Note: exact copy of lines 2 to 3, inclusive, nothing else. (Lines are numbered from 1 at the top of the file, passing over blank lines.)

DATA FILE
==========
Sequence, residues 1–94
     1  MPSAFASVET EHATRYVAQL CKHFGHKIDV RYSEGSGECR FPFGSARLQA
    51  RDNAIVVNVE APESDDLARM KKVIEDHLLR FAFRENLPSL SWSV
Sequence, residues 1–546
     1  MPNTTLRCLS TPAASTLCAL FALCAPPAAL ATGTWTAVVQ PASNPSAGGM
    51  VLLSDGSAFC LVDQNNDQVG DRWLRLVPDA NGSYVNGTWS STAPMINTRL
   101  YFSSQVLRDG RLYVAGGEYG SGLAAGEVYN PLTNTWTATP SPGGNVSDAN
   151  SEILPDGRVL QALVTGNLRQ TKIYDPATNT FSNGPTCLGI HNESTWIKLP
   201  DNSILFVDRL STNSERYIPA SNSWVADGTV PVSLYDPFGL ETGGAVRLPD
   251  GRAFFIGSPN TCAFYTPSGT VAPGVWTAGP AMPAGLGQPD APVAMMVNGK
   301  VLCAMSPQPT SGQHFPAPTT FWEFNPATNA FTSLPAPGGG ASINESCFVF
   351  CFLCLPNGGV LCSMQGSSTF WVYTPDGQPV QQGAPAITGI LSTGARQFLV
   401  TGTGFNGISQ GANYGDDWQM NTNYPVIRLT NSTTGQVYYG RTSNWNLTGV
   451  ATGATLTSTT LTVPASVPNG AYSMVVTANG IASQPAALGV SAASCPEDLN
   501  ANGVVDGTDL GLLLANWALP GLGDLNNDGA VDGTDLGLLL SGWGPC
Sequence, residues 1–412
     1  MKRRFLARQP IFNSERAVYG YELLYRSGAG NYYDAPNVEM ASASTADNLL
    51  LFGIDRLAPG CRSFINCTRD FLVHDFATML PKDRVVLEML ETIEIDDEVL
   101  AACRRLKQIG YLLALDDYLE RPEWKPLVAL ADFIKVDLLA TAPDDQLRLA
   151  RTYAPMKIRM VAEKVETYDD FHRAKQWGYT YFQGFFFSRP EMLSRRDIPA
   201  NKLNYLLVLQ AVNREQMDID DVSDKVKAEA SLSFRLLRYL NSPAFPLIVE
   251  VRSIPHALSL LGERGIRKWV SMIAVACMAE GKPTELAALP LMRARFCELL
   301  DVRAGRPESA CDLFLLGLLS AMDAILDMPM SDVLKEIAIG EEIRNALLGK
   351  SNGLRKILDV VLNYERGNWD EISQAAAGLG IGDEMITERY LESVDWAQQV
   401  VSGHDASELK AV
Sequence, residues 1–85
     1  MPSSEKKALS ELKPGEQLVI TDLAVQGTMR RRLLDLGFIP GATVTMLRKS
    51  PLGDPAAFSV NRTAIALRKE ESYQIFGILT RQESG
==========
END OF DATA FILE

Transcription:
     1  MPSAFASVET EHATRYVAQL CKHFGHKIDV RYSEGSGECR FPFGSARLQA
    51  RDNAIVVNVE APESDDLARM KKVIEDHLLR FAFRENLPSL SWSV